Of course since World War II, its power to patriotically inspire has sadly diminished. First, Richard Nixon made it into a silly charicature of Churchill's defiant gesture. Then the anti-Vietnam War "peace movement" co-opted it, so that nowadays if someone uses it, it is called "the peace sign."
A typical dirty collectivist trick.
"3%": A promise of Victory
So why am I concerned about the history of the "V" sign?
It's just this. As gunnies, as members of the armed citizenry of the Republic of the united States, we too need a symbol.
Something as short, sweet and powerful as the "V". Something that can be painted on the side of a building, or across the face of an anti-gun billboard or re-election sign of a gun grabbing politician. Something powerful. Something easy. Something even a bit scary to collectivists with frayed nerves so as to disturb their beauty sleep.
Think of it as a freedom "gang sign".
And here is what I propose.
That's right - just 3.
Because as with all things powerful you need something that connects you to those "mystic chords of memory" that Lincoln spoke of. The "V for Victory" hearkened back to the defiant English longbowmen.
But we as Americans should remember the 3 per cent. During our Revolution, from a population of somewhat over 2 million, the rebels fielded an army of Continentals, sailors and militia that at any given time amounted to a mere 3 per cent of the population.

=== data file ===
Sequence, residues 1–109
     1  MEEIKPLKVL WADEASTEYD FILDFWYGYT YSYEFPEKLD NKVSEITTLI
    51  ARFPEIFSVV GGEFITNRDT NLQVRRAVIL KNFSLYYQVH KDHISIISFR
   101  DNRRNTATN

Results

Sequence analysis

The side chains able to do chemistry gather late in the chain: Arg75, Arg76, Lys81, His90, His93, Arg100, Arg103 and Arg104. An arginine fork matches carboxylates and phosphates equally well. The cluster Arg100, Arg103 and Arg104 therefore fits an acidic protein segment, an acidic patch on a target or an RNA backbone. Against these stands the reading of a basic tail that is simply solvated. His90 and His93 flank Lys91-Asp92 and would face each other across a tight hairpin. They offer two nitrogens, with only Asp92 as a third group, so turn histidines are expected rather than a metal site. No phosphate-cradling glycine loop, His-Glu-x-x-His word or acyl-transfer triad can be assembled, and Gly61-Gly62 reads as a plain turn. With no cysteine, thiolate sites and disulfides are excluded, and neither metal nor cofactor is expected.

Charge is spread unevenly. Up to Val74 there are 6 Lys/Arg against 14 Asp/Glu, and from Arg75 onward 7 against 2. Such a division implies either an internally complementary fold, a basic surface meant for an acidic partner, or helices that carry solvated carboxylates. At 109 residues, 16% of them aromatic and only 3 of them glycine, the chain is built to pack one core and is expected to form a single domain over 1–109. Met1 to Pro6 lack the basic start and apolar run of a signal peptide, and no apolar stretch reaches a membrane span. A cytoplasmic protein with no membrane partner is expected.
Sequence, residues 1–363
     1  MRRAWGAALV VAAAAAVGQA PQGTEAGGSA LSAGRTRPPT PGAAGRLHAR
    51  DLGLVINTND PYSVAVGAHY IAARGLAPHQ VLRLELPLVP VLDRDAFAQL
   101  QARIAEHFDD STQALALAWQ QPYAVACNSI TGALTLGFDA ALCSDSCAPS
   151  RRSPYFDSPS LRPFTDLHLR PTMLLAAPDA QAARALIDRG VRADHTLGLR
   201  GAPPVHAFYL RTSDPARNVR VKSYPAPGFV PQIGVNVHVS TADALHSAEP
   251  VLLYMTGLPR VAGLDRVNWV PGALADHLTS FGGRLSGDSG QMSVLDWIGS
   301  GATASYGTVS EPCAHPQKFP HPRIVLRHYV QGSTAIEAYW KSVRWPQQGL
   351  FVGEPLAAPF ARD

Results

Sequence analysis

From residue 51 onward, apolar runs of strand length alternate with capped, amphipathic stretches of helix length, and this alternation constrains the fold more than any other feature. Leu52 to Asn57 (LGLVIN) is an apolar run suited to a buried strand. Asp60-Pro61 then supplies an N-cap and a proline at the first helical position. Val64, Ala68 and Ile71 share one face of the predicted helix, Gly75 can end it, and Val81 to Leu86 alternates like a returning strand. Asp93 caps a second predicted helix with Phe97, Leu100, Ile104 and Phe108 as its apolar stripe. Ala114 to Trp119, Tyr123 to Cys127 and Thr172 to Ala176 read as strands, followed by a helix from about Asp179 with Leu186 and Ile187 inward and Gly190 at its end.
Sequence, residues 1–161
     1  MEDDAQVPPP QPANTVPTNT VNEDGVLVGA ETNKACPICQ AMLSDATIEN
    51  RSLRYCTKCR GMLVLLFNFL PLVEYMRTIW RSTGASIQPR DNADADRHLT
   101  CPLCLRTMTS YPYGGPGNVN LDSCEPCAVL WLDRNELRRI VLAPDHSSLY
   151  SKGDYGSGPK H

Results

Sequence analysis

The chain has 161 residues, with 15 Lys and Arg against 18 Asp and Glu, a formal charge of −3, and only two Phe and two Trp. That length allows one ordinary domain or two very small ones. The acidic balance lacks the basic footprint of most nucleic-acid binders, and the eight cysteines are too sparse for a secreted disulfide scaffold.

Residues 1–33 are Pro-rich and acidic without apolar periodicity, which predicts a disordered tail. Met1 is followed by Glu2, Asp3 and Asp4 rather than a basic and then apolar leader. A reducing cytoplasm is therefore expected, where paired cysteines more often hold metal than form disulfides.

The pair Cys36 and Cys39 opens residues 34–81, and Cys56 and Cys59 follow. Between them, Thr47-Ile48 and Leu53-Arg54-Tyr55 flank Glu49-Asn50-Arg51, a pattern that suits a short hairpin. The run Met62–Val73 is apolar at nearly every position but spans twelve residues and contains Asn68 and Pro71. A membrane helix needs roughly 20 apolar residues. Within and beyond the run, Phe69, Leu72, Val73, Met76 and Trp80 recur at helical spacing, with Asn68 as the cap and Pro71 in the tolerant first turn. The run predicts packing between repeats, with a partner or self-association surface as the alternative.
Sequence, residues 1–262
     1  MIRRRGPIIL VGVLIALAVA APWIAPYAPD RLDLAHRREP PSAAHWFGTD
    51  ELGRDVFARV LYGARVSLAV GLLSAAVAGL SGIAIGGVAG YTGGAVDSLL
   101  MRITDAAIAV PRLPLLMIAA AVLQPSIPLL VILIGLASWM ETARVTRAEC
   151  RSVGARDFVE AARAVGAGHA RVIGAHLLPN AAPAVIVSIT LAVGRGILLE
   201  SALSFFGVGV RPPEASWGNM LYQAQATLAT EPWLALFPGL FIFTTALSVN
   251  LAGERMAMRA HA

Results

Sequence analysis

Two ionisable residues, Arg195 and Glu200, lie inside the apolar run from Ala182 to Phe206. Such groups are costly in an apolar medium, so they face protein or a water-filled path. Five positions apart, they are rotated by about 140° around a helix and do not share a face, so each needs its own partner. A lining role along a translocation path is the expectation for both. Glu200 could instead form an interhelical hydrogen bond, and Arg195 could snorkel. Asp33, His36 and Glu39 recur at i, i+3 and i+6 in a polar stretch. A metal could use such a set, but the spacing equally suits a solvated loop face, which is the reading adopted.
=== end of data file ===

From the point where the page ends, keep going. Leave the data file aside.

These were actively supported by only, perhaps, another ten percent. That's all. By the end of the war, in fact, there were more Loyalist colonists serving in the King's forces than there were revolutionaries. Yet with just three percent the Founders overthrew the power of the greatest military empire on the planet at the time.
And if we look around today, at what the armed citizenry has become, can we count on more than 3 percent to stand up to any future tyranny?
But reminding ourselves (and our Constitution's enemies) daily that the Founders did it with just 3 percent ought to encourage us and give them pause.
As with the "V", it can be displayed a number of ways. With your hand, display the first three fingers with the fourth tucked under your thumb, fingers pointing up like Churchill's V.
To our friends, show it palm out.
To our enemies, show it palm in.
On a wall or billboard it can be written "3," or the Roman numeral "III" or "3%" or "3 pct".
It also has the advantage of incorporating the "V" -- the English longbowman's taunt -- without anyone mistaking it for a stinking "peace symbol."
Sort of a "victory plus" with attitude.
If you count the poll numbers on the question of the strict interpretation -- the Founders' interpretation -- of the Second Amendment versus the collectivists' "reasonable regulation" we are even now a despised minority within our own country.
If the Founders did it with 3 percent, so can we. In our generation, which will continue the struggle for the Founders' republic in the 21st Century, 3 percent will still be enough.
If enough of us send a message like Churchill, maybe one day it will cause a chill to run down the spine of the gun grabbers just as the V did to the Nazis in World War II.
Like the V, it would be a promise of victory over tyranny, to ourselves and the enemies of liberty.